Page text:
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60 Ways to Stay Fit and Healthy During the
Holiday Season
Part 1 of 2
By: Jackie Wright

The average weight gain between Thanksgiving and New Year's Day is approximately five to seven pounds. And, this does not occur because we eat one or two holiday meals. It is because we begin eating on Thanksgiving and then continue doing so until New Year's Day and we tend to miss our workouts as well.

While it is important to enjoy holiday traditions as these traditions can enhance our lives on many levels, it is also important to avoid continuous overindulgence and lack of exercise. Therefore, for the next six weeks, I will be providing you with 60 ways to stay fit and healthy during the holiday season. The first 10 are as follows:

1) Try drinking a glass of water prior to most meals. This will help you to feel full and may assist you in making wiser food choices.

2) Try drinking a glass of water prior to and following each alcoholic beverage that you consume. This again may help you to feel full, perhaps helping you to avoid drinking too much and the water may help prevent the dehydrating effects of alcohol.

3) Eat a light meal before attending holiday parties. This may assist you in making wiser food choices while there, and you may also eat less.

4) Choose foods at holiday parties that are healthy, lower calorie choices and save yourself for those really special dishes that are unique to this time of year. Remember to look at portion sizes when choosing those special dishes. Enjoy a taste but not the entire pie.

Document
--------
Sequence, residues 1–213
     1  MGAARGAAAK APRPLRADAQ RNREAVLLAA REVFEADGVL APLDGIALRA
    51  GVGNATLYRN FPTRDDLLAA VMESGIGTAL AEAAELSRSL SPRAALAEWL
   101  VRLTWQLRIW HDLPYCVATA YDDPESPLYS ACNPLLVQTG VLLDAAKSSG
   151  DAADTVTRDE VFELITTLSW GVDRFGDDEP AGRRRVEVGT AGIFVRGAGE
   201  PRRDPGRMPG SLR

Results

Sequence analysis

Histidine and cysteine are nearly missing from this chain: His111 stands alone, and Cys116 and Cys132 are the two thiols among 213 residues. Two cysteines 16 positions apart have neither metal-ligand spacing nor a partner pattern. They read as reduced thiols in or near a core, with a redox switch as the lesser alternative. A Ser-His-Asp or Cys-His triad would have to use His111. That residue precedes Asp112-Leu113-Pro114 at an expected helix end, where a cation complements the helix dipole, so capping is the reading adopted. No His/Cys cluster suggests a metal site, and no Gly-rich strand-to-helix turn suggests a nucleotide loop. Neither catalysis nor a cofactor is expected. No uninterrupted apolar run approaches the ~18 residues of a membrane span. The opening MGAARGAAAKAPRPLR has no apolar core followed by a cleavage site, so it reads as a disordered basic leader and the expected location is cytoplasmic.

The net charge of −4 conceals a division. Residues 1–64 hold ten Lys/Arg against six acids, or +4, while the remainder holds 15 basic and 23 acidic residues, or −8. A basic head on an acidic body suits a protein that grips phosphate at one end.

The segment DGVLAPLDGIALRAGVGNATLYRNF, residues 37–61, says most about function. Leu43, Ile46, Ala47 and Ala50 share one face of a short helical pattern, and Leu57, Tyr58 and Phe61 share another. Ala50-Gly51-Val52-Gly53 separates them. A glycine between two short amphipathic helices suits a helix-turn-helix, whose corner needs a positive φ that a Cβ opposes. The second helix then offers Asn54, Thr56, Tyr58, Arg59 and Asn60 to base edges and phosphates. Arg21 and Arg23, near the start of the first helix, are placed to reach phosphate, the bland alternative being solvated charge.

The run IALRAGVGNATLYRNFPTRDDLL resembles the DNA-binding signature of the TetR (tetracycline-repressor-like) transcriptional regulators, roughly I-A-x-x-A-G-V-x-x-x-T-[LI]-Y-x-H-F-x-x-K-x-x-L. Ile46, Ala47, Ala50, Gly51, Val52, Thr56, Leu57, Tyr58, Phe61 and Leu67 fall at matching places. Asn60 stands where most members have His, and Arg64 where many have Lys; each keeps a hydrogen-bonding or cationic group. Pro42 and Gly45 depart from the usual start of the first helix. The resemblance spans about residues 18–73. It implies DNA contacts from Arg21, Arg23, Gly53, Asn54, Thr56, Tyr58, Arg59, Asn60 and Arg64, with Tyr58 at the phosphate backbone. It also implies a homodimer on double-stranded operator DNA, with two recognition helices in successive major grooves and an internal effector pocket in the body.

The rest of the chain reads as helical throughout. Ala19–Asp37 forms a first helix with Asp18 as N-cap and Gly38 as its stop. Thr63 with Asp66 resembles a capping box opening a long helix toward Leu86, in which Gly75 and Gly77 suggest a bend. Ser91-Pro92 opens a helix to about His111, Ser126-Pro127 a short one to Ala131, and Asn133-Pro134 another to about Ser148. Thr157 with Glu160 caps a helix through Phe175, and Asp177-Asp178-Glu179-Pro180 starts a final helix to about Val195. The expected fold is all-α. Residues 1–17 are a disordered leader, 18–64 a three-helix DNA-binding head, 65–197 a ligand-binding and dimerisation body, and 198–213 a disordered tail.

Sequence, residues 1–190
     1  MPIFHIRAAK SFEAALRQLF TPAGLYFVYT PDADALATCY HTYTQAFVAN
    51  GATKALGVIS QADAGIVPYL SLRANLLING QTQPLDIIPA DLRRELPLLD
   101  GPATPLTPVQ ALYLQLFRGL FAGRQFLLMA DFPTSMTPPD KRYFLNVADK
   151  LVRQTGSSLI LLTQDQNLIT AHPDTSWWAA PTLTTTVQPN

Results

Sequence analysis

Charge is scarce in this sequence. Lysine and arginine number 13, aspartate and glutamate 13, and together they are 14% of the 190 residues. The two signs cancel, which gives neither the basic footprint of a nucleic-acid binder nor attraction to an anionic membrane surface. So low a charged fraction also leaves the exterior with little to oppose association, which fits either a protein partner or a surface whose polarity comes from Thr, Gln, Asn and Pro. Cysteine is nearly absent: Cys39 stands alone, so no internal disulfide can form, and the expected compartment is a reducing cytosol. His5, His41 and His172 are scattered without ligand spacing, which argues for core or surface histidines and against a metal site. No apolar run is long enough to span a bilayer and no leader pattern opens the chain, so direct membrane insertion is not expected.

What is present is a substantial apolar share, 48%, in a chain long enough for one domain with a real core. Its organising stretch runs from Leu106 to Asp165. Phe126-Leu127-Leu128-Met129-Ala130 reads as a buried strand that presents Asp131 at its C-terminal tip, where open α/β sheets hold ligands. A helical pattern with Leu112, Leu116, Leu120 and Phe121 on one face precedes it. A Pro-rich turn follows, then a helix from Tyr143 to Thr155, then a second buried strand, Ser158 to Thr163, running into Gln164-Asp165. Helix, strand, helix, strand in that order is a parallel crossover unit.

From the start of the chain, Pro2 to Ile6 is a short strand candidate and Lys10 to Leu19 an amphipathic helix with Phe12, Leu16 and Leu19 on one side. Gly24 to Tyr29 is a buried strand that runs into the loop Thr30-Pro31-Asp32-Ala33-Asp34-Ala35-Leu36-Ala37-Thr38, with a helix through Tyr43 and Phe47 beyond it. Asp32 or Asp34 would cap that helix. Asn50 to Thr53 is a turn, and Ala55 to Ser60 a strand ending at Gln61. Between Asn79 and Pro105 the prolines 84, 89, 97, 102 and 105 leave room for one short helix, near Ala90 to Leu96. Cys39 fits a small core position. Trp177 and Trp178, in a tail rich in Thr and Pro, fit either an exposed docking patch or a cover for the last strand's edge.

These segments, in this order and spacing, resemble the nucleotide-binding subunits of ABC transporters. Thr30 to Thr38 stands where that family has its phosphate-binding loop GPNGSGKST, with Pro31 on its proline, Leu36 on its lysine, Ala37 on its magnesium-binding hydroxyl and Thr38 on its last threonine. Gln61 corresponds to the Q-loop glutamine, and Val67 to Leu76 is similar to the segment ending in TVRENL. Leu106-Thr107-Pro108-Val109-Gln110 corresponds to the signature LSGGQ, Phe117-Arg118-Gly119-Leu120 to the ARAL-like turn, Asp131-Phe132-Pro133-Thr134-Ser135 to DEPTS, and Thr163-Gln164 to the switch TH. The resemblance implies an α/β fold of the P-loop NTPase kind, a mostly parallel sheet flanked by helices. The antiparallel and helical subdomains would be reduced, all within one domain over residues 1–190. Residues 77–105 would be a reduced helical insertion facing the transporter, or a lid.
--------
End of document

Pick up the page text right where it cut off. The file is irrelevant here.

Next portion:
5) Make certain to adhere to your exercise program. This is not the time to miss your workouts. Not only will exercise help you cope with the holiday stress, you may also continue burning calories throughout the holidays.

6) If you have not begun an exercise program, do not wait until the first of the year. Now is the time to integrate an exercise program into your life. Then, by the time you welcome the New Year in, you may already be on your way to accomplishing your health and fitness goals.

7) Try a new activity or sport. Cross country skiing, downhill skiing, snowshoeing, snowmobiling, and ice skating are all great forms of exercise that are fun and burn those additional holiday calories in the process.

8) New Year's resolutions are rarely successful for the long term. Often, these resolutions are neither realistic nor attainable, at least not within the desired time frames. Rather than waiting until the ball drops in Times Square, set your health and fitness goals now.

9) Follow the SMART method of goal setting. Set specific, measurable, attainable, realistic and timely goals and write the goals down. Written goals are more likely to be achieved.

10) Take time to relax each day, even if it is only for a few minutes. Designate time for relaxation, quiet reflection and stress reduction. Try deep breathing techniques, low intensity stretching, a massage or meditation.

11) When attending holiday parties where a buffet laden with delicious food is available, prepare a plate for yourself, then sit down, if possible, away from the table. Hanging around a buffet table just encourages "nibbling," which can lead to excess caloric intake.

12) On those special occasions when a meal is served later in the day, eat healthy, lower-calorie meals during the day and "save" a few of those calories for the special meal. Do not, however, skip meals that day.

13) If you are the chef preparing the special meal, keep healthy, low calorie foods nearby, such as celery or carrot sticks, to help avoid eating what you are preparing.

14) If you are on a weight loss regimen, you can continue to lose weight throughout the holidays by avoiding those same pitfalls that created the weight gain initially. Continue exercising and monitoring your caloric intake and you can join the ranks of many who successfully lose unwanted pounds during the holiday season and begin the new year already on track.